Nikolai Trusov (Tinkoff) is the new leader of the Tour of Britain after winning stage 2 between Yeovilton and Taunton. Trusov beat Australian Luke Roberts (CSC) and Frenchman Romain Feillu (Agritubel) in a 22-man sprint at the end of the 169km stage.
Overnight leader Mark Cavendish (T-Mobile) finished more than 10 minutes down, losing any chance of overall victory in his national tour.
Over 30 riders blasted their way into the town centre with many riders hitting the deck as they overshot the final bend and crashed into the barriers and each other. Trusov and Roberts stayed upright with Trusov winning the sprint by the width of a tyre after nearly four hours of racing.
The big losers on the day were T-Mobile who had finally paid the price for their fierce defending of the yellow jersey on the shoulders of Cavendish as they all missed the race winning break. Cavendish led home the second main group on the road over ten minutes after Trusov had claimed victory.
Trusov was very pleased to take over the yellow jersey: "The team is very happy. Because we came here to win the yellow jersey and for us it is the maximum. It was a really hard stage. I was the last man in the breakaway group at 20km but first over the finish line. I was very lucky to miss the crash. We will try to defend the race leadership but with four people it is not easy to control the race."
Serge Pauwels (Chocolade Jacques - Topsport) moved into the mountains leadership after he scored 13 points on the three climbs of the day.
"I liked the first climb," Pauwels said. "There was a beautiful view at the top and I was able to take some points there. I got into the break and was able to win the second climb and then I was able to win the last one when there was a group of thirty of us at the front. I felt good today. Yesterday I had sore legs as were not able to train too much in Reading.
"It was not easy to work together because the course was up and down all day," the 23-year-old Belgian added. "I saved myself until the first climb as the race started very fast again today. I would like to keep the jersey and to gain some more points tomorrow but it depends how the race goes. If I can have a chance at the general classification then I would prefer that."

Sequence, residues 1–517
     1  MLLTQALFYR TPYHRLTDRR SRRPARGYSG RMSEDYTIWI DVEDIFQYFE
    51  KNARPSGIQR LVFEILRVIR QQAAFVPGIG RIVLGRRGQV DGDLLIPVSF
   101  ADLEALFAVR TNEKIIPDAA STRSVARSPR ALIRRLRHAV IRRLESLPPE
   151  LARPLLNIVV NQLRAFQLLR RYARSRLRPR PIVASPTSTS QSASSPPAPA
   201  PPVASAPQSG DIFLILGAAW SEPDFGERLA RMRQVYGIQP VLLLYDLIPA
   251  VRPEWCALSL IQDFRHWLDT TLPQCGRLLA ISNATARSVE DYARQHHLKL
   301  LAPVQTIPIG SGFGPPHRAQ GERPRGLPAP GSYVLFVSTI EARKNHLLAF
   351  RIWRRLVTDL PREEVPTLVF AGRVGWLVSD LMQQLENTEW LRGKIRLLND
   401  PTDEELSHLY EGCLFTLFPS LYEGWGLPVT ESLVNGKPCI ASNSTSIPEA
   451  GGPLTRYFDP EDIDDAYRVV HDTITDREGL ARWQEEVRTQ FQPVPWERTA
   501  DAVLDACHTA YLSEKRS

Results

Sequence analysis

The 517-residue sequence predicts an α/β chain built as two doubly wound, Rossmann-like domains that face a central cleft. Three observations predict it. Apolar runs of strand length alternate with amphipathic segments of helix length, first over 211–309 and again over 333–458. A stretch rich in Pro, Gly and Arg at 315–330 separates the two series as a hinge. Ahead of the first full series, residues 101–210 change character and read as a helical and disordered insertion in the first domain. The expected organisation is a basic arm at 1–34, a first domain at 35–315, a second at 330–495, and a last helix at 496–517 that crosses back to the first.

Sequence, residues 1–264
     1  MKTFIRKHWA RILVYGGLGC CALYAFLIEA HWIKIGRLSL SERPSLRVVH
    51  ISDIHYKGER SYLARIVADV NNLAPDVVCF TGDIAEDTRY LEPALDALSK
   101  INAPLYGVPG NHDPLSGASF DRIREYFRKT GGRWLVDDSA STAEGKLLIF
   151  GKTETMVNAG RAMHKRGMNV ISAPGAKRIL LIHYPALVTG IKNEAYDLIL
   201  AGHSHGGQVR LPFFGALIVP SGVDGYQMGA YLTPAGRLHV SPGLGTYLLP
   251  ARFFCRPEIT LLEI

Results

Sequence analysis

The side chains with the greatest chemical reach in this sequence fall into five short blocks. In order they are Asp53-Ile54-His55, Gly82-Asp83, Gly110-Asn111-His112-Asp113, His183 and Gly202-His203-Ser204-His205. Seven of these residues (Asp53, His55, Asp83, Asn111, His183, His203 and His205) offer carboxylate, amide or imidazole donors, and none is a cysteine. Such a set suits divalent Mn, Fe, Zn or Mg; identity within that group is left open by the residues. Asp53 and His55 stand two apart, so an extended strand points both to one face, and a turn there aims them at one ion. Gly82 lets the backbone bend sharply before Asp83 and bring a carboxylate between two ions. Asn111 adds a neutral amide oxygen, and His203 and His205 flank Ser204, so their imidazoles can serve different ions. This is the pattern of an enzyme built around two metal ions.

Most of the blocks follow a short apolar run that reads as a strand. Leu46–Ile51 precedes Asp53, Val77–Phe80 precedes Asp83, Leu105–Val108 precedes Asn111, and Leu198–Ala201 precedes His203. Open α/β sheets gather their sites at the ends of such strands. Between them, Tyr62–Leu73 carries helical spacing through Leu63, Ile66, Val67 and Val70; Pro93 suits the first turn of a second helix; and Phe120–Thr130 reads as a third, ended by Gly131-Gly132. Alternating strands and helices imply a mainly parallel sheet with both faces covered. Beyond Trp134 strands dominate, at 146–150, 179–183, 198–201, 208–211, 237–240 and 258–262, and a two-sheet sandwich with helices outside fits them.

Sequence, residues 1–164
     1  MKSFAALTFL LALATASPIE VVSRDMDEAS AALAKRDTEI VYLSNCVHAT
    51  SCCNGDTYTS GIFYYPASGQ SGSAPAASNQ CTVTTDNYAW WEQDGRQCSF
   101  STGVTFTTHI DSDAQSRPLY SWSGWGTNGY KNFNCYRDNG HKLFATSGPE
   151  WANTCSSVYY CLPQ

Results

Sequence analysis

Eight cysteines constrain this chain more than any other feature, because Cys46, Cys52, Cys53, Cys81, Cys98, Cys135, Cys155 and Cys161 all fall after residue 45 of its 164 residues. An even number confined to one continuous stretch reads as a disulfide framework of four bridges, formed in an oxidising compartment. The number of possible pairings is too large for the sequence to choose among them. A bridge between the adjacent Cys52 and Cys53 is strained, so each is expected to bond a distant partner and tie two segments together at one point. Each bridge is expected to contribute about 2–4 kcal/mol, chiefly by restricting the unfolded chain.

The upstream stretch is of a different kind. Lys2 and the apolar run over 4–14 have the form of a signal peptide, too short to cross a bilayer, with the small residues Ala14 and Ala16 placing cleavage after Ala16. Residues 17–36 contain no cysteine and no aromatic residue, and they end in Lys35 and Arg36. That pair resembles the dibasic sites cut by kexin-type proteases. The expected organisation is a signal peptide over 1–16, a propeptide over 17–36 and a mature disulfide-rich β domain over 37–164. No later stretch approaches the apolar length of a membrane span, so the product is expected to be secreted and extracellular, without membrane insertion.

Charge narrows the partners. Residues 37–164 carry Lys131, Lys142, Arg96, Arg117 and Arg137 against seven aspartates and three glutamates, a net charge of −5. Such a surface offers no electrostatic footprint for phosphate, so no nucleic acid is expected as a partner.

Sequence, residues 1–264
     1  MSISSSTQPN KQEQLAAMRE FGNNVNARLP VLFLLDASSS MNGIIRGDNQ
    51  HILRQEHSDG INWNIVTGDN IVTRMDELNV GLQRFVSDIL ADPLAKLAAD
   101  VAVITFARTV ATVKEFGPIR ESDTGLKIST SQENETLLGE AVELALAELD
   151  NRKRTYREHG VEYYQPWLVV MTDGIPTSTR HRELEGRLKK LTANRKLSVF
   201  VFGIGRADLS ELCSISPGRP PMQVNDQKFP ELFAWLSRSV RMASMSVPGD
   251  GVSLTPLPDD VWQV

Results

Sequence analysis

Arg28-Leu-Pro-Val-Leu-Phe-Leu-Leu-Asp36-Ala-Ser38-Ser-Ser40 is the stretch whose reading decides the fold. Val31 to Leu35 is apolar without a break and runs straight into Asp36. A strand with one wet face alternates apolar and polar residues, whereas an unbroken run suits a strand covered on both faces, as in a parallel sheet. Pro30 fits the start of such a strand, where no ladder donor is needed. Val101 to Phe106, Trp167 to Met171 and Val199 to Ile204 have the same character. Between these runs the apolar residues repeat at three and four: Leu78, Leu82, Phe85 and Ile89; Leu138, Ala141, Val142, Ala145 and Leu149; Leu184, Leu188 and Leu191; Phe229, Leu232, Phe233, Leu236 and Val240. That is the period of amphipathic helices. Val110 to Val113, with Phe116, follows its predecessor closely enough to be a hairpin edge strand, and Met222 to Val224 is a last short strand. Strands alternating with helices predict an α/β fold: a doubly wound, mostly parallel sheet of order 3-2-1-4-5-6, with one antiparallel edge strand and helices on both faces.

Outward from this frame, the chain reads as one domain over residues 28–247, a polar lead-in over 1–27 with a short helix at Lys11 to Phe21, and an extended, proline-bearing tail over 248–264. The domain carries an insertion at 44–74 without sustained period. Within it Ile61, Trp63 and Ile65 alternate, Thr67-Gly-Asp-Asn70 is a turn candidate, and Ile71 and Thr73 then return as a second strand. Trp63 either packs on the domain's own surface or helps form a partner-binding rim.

How it unfolded
A warm and sunny late summer day greeted the peloton when they left the Fleet Air Arms museum in Yeovilton on Tuesday morning. A number of riders had attempted to go clear in the early stages but the bunch reeled them at the first sprint prime at Othery after 19km but only after Christoff Van Heerden (Team Konica Minolta) took the five points on offer followed by Zakkari Dempster (SouthAustralia.com-AIS) and Alexander Seroff (Tinkoff Credit Systems).
The next sprint prime was won by Lars Bak (Team CSC) followed over by Adrian Palomares (Fuerteventura-Canarias) and the duo pulled clear to gain a 90 second lead. The lead stayed steady with T-Mobile on the keeping the leaders dangling off the front and Palomares reached the first the summit of Porlock Hill first taking the maximum 10 points in the Eon king of the mountains competition. Ben Swift (Barloworld) led the chasers over the climb in a group of ten riders with the bunch breaking up on the tough climb. Trusov had made the cut and was now leader on the road.
The two became twelve when the groups merged with Pauwels powering his way up the climb at Watersmeet after 109km followed over by Navigator's Matt Cook and David Munoz Banon (Fuerteventura-Canarias).
Pauwels attacked again on the third category climb at Wheddon Cross breaking up the lead group and moving into the lead in the mountains competition. The bunch behind split into two with a large group making it across to six leaders to form the race winning break of 33 riders.
There were six riders that did not finish the race namely Robbie Hunter, Chris Newton (whose wife has just gone into labour), Gordon McCauley, Michael Wolf and Linus Gerdemann, with Hans Dekker not starting today's race.
Last year's winner Martin Pedersen (Team CSC) walked over the finish line last of the leading group looking very dissappointed
The race is now wide open with 55 seconds separating the top 30 on general classification moving into Wednesday's short (152.5km) but tough Worcester to Wolverhampton stage.